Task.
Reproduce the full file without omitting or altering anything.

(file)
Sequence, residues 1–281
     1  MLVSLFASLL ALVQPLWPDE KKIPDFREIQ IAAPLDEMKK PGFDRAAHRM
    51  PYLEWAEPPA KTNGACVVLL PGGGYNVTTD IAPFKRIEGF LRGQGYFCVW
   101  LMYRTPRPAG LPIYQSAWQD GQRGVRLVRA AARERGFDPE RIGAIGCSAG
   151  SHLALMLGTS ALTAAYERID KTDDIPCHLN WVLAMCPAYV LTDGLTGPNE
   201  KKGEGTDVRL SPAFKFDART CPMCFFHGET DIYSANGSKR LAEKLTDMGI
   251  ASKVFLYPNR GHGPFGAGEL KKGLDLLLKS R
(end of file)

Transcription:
Sequence, residues 1–281
     1  MLVSLFASLL ALVQPLWPDE KKIPDFREIQ IAAPLDEMKK PGFDRAAHRM
    51  PYLEWAEPPA KTNGACVVLL PGGGYNVTTD IAPFKRIEGF LRGQGYFCVW
   101  LMYRTPRPAG LPIYQSAWQD GQRGVRLVRA AARERGFDPE RIGAIGCSAG
   151  SHLALMLGTS ALTAAYERID KTDDIPCHLN WVLAMCPAYV LTDGLTGPNE
   201  KKGEGTDVRL SPAFKFDART CPMCFFHGET DIYSANGSKR LAEKLTDMGI
   251  ASKVFLYPNR GHGPFGAGEL KKGLDLLLKS R